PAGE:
One of my earliest childhood memories of growing up was watching the Jewish midshipmen march the few blocks from the U.S. Naval Academy to the only shul in town every Sunday morning for services.
Until the Supreme Court ruled it illegal years later, weekly religious attendance at the U.S. service academies Army, Navy and Air Force was compulsory for all.
The Commodore Uriah P. Levy Center And Jewish Chapel
And it was quite a sight for a youngster to see the Middies in their uniforms black and gold in fall and winter, white in spring and summer stepping smartly into shul, where my Dad, the congregational rabbi and civilian chaplain, greeted them and conducted special weekly services for 38 years. For all that time my father tended not only to the spiritual needs of these young men (and later, young women), but was a mentor, adviser, and friend, often inviting them to our house for home-cooked meals and providing a sense of normal life to college-age students far from home.
On a Sunday last month, my wife and I were in Annapolis to join my mother in attending the dedication of a milestone in American Jewish history, the first Jewish chapel to be built on the grounds of the Academy. (Jewish services in recent years had been held in various non-descript rooms on the Academy grounds or at local synagogues.)
The three-story new building is named for Commodore Uriah P. Levy, a hero of the War of 1812 who was among the first Jewish career Naval officers and, during a 50-year tenure in the Navy, endured severe anti-Semitism he was court-martialed and exonerated six times while maintaining a deep religious faith. It was Levy who abolished the practice of flogging in the Navy and who called for choosing officers based on their ability rather than their religion, ethnicity or social rank.
The new building, in addition to the chapel, houses a fellowship hall, meeting and study rooms, a media center, and a learning center where all of the Brigade's 4,200 students will receive instruction in moral character and religious tolerance.
Most of the funds for the $8 million structure were raised by Friends of the Jewish Chapel, a nonprofit group founded in 1994 that included Jewish graduates of the Academy, though only about 10 percent of the 3,000 donors from around the country were alumni.
The chapel itself is a gem. It features a dome similar to that of Monticello, Thomas Jefferson's Virginia home that Levy helped renovate and restore, and has 410 seats on two levels. It includes a 45-foot high wall made of Jerusalem stone, inspired by the Western Wall, and wire mesh scrims high above the congregation that give the effect of billowing sails, with natural light shining down from the ceiling.
More than 1,500 Naval and civilian dignitaries and other invited guests witnessed the official dedication on a hot, sunny afternoon, the culmination of a weekend of festivities and special services, which included the presentation of a Torah from the Israeli Navy to the new chapel, the first U.S. military building in the world to feature a Jewish star on its exterior.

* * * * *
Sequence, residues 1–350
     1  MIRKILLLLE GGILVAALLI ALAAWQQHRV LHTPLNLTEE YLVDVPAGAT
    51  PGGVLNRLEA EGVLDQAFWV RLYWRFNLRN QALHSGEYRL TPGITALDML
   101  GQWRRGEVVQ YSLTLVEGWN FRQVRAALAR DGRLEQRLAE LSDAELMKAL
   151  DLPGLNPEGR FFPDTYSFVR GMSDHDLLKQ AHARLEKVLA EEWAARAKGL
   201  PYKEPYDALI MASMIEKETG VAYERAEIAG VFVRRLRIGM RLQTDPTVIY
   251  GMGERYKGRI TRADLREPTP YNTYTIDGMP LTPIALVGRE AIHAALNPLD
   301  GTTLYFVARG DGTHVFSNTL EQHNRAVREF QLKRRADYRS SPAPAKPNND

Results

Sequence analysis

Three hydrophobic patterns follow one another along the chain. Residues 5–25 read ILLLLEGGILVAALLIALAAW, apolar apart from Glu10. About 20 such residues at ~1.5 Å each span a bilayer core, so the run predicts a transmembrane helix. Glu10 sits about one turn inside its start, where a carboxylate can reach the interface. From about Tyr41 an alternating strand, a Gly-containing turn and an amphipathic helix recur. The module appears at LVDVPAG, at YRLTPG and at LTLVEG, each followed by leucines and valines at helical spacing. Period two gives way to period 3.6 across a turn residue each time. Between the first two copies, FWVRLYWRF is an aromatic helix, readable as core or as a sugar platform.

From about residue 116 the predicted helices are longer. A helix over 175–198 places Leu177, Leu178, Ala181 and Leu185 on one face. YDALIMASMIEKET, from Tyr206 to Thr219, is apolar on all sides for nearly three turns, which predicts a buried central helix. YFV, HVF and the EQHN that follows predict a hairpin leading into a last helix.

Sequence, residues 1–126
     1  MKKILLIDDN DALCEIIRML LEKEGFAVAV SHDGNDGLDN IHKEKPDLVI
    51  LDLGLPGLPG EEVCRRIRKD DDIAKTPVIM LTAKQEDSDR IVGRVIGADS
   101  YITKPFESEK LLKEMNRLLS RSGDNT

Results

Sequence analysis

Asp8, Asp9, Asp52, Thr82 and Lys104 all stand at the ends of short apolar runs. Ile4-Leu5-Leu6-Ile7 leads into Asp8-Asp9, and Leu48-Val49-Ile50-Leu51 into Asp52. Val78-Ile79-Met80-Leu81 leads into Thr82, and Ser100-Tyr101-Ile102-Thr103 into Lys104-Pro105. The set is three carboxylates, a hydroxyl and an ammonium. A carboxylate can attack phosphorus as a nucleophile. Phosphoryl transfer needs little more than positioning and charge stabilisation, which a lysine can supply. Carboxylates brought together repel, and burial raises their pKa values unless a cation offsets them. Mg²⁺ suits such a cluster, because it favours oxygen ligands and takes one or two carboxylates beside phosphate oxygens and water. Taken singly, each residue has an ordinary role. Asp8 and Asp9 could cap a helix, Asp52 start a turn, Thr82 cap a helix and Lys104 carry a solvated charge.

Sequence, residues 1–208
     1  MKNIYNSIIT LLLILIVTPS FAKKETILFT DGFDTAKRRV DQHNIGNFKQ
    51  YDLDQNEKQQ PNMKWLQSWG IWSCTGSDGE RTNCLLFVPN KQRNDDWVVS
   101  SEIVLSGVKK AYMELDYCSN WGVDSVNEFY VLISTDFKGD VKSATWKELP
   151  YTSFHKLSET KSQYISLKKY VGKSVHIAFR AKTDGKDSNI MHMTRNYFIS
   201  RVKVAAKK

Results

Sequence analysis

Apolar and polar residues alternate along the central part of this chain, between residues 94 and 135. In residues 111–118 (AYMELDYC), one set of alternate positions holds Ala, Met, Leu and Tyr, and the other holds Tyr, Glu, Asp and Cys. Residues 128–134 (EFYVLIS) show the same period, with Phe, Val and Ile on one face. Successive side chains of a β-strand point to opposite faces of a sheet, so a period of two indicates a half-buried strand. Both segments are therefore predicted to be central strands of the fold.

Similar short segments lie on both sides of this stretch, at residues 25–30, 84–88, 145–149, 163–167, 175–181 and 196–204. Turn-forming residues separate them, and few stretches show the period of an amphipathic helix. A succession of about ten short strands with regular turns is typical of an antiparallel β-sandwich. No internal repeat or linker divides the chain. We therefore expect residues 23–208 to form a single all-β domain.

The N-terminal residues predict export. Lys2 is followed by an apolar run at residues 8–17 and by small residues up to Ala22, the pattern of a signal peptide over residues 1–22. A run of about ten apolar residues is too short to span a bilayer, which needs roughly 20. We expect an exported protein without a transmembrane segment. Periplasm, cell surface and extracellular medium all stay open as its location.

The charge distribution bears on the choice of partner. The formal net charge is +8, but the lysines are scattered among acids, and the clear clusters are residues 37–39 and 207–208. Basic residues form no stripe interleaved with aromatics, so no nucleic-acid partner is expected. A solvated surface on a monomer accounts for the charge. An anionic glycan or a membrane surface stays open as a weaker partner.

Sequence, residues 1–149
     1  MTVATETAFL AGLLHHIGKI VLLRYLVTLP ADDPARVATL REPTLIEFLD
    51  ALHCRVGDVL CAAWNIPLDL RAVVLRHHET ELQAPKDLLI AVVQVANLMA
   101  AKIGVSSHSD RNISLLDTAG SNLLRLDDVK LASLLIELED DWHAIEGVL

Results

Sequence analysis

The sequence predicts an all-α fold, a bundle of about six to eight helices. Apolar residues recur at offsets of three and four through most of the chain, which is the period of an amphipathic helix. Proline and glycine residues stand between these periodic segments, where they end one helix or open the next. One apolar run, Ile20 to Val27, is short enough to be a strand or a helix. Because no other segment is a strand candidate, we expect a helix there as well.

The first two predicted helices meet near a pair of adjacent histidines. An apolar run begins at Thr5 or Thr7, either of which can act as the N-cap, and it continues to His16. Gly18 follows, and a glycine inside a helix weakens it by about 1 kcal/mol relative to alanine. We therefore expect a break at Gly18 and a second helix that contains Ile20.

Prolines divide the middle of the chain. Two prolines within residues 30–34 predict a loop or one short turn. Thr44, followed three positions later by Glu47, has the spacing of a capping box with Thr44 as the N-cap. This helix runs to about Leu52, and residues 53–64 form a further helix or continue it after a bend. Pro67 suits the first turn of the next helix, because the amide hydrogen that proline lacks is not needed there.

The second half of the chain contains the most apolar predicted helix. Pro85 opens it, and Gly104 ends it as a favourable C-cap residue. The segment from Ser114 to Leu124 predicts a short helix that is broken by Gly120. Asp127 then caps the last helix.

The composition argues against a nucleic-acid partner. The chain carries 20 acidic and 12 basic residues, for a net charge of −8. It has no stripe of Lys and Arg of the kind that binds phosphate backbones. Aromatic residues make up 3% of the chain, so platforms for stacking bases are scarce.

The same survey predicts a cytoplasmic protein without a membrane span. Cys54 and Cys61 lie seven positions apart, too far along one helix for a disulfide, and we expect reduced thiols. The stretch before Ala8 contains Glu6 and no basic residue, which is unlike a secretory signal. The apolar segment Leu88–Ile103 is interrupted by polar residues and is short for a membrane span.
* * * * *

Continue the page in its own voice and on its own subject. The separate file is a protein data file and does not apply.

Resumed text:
The speakers included Adm. Michael Mullen, chief of Naval Operations, as well as the superintendent of the Academy, several chaplains, and Sen. John Warner, chairman of the Senate Armed Services Committee, all of whom took note of the "historic" moment as a sign of enhanced religious freedom at the Academy.
It wasn't always so. Long after Uriah P. Levy was almost drummed out of the Navy because of his religion, my Dad would counsel Jewish Middies facing varying degrees of anti-Semitism at the Academy. And while there were no official quotas, the log he kept of the Jewish students from the mid-1940s to the early 1980s always had 40 names, plus or minus one or two, about 1 percent of the school. (There are now 120 Jewish students at the Academy.)
But this Sunday afternoon was a day to marvel at how far the American Jewish dream has come at the Naval Academy, and I particularly enjoyed hearing the 80-voice Navy Glee Club sing "Adon Olam" in a flawless Hebrew. They also sang "America," "Shenandoah," and the always stirring Navy Hymn ("O hear us when we cry to thee, for those in peril on the sea").
As much as I was touched by the dedication, and by meeting gray-haired gentlemen from the Class of '52, and '55 and subsequent years who came over to say hello and recall what a skinny little kid I was back then, my mother was moved even more to be remembered all these years later for her warmth and hospitality. With her unflagging memory, she recalled the names of those who greeted her in her well-deserved spot in the VIP section, and relished the memories they shared of my father, gone 20 years now, and the profound impact he had on their lives.
After the ceremonies were over, we joined the throngs touring the new facility, and were directed to a quiet spot on the second floor of the chapel. There we found a marble stone listing the names of several "Visionaries and Founders," including my dad, Rabbi Morris D. Rosenblatt, and the inscription from Exodus 25:8: "And let them make me a sanctuary and I will dwell among them."
We left the Academy that day feeling comforted that my dad's name is now memorialized in a chapel that will serve future Naval officers and visitors for generations, having been reminded that his acts of kindness are still remembered by so many, decades after their years at Annapolis.
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